As much as I hate entertainment tax credit programs, and as obsessed as I’ve become with the bottomless well of opportunism known as Bobby Jindal, you’d think I would have guessed at the cash nexus underlying the prize endorsement of the Lousiana governor’s proto-presidential candidacy by Duck Dynasty star Willie Robertson. But afraid it took a report from Bloomberg Politics‘ Margaret Newkirk to get me to see the the connection:
Louisiana Governor Bobby Jindal, a potential Republican presidential candidate, is trying to close a $1.6 billion budget hole without touching as much as $415,000 per episode in tax breaks that may be due to “Duck Dynasty.”
The A&E television reality show takes part in the nation’s most generous entertainment-tax credit program. Jindal is proposing no changes, arguing that reducing such breaks is tantamount to raising taxes. The state approves enough incentives each year to make up at least $200 million in proposed cuts that led Louisiana State University to say that it may plan for insolvency….
Louisiana, which was the site of the most English-language film productions in the U.S. in 2013, pioneered movie credits, approving the program in 2002. All but 13 states now have such programs, according to Film Production Capital, a New Orleans firm that brokers credits….
Feeding Time Productions LLC, which produces [Duck Dynasty], has submitted expenses for its first four seasons that would qualify it for $11 million in credits once approved, according to state data. That includes $4.6 million for the fourth season, or $415,000 per episode. None have yet been certified.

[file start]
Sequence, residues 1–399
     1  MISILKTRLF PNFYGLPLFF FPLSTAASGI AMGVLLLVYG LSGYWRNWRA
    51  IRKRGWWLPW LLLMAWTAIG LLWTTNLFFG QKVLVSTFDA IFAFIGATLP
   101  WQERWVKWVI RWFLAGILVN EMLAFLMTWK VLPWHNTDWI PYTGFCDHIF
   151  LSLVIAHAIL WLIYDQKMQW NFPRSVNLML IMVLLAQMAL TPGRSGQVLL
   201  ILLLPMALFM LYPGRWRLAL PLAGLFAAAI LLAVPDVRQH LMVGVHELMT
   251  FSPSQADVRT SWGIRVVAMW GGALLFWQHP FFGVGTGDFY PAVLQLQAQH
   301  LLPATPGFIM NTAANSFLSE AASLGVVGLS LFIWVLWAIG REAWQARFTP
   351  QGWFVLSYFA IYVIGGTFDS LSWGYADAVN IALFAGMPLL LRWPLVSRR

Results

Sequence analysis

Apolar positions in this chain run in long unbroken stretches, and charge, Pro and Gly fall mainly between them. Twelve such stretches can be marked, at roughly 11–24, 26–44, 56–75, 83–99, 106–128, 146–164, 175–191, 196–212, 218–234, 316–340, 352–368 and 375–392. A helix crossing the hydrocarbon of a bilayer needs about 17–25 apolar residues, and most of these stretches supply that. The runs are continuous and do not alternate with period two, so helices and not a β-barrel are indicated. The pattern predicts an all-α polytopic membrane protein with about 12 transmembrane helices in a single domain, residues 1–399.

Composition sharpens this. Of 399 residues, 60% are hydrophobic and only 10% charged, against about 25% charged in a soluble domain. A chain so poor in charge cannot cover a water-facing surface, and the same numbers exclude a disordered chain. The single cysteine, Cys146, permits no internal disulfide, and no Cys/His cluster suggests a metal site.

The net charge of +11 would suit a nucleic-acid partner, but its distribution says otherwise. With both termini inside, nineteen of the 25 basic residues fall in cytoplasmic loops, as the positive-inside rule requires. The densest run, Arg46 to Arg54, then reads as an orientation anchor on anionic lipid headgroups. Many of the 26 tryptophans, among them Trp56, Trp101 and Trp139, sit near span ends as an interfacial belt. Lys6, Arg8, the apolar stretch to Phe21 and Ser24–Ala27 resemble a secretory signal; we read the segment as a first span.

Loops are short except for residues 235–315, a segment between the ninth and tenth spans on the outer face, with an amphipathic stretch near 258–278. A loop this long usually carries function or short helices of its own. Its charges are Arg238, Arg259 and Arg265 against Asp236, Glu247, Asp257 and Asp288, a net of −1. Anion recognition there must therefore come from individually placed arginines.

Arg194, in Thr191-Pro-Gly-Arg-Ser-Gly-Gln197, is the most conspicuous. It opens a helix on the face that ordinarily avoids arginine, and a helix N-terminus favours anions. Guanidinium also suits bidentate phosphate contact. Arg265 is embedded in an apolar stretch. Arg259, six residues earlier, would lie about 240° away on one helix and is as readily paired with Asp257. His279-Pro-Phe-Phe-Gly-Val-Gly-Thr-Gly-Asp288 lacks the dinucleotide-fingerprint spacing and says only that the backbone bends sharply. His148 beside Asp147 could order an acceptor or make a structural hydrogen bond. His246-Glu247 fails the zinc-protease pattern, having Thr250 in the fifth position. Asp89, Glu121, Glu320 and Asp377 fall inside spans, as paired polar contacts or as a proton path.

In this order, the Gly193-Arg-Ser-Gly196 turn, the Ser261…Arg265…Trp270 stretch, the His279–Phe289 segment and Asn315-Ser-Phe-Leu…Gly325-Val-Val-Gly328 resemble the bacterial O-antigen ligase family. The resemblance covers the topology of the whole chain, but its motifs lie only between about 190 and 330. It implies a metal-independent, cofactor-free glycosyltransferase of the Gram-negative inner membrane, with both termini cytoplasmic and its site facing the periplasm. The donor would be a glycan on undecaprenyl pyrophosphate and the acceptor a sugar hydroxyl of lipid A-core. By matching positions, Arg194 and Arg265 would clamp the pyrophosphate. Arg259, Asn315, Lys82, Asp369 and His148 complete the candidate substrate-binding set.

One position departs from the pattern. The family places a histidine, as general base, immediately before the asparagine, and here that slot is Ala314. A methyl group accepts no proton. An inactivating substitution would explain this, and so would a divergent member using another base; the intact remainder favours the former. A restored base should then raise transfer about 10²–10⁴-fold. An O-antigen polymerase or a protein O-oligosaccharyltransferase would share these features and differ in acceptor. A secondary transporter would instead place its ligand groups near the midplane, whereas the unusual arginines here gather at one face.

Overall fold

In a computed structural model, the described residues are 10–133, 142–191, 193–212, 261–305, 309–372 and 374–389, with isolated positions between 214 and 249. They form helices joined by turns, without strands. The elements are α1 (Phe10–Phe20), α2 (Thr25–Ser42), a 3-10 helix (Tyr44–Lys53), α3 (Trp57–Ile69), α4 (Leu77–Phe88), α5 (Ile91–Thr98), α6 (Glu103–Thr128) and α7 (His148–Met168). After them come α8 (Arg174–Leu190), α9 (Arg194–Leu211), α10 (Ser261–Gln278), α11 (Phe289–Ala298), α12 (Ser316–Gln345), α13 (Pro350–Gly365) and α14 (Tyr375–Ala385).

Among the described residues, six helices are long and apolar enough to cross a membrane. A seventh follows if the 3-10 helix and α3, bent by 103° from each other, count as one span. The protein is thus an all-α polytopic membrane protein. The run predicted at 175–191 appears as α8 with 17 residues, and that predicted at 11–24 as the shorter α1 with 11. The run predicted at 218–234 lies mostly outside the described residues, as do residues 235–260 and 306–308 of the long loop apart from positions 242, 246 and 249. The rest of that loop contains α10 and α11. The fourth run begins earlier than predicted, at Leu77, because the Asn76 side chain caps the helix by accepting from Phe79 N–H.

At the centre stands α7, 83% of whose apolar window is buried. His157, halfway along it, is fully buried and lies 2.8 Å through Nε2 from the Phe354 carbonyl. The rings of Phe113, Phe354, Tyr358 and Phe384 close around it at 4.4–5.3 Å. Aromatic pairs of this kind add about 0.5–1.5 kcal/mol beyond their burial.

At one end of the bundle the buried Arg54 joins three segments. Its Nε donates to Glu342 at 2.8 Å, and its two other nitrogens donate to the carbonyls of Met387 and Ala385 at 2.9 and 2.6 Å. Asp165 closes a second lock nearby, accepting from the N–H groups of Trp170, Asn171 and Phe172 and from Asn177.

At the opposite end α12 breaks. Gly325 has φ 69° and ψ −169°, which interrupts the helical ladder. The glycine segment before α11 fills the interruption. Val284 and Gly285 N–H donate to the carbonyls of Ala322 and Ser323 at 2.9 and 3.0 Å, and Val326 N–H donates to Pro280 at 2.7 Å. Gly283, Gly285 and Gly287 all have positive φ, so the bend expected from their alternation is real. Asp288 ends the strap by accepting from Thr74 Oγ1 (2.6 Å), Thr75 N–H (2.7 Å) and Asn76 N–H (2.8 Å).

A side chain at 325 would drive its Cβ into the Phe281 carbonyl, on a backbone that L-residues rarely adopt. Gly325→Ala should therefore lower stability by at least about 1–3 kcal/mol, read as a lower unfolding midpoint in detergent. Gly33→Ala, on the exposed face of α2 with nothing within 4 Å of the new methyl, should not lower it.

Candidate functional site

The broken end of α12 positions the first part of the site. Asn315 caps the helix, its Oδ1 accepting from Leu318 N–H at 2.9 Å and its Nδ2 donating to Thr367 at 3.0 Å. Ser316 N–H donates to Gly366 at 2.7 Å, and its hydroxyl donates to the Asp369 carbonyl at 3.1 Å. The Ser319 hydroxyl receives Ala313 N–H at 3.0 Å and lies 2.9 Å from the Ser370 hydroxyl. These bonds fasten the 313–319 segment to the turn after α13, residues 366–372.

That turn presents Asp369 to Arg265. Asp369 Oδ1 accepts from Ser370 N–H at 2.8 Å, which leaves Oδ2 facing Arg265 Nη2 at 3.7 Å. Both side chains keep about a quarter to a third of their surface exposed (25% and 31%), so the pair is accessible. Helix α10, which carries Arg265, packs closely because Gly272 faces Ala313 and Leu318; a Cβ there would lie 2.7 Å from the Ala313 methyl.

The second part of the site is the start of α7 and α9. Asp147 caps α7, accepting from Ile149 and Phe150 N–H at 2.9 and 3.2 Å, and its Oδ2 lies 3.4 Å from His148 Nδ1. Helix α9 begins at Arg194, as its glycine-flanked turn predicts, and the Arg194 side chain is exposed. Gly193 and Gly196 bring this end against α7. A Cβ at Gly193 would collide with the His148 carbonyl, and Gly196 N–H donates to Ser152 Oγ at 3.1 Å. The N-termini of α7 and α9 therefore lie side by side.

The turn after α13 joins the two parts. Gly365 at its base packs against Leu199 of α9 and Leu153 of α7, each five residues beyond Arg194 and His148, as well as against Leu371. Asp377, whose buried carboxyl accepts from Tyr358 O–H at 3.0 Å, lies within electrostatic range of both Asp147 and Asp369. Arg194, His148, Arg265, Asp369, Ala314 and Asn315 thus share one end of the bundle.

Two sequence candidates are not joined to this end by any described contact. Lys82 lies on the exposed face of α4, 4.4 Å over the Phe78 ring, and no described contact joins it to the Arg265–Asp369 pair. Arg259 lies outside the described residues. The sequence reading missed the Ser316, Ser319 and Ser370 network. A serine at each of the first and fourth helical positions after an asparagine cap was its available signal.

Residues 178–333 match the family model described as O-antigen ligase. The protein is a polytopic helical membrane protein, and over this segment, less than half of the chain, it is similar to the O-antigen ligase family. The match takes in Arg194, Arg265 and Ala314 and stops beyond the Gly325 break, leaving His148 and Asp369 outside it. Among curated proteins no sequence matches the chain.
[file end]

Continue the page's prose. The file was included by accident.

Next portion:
Louisiana offers movie makers credits for 30 percent of in-state spending and allows them to be sold to brokers.
Film-production companies set up as limited liability companies don’t owe corporate taxes in Louisiana. Most therefore sell their credits to someone that does. They are also allowed to sell them back to the state for 85 cents on the dollar.
That’s right: it’s not enough for Louisiana to let film and TV production companies eliminate their state tax liabilities; the state gives them “transferable” tax credits that can be sold on special markets to companies that do have tax liability, and if that fails the state will buy them back. So this is the corporate version of the “refundable tax credits” poor people get via the EITC.
This makes me kind of ill as an abstract matter, and gives a whole new meaning to the term “corporate welfare.” But it’s especially egregious in a state like Louisiana, with a horrendous budget shortfall, and even violates Jindal’s own principle that cutting back on refundable tax credits (e.g., credits from the business inventory tax) doesn’t violate his no-tax-increase pledge.
I’m not saying Bobby’s taking this inconsistent and politically damaging position strictly out of solicitude for Duck Dynasty; he’s slippery enough that there are usually multiple reasons for every objectionable thing he does. But on the other hand, when Mike Huckabee was going out of his way to pander to the Robertsons in his recent book, he didn’t have tax credits to hand them either, did he?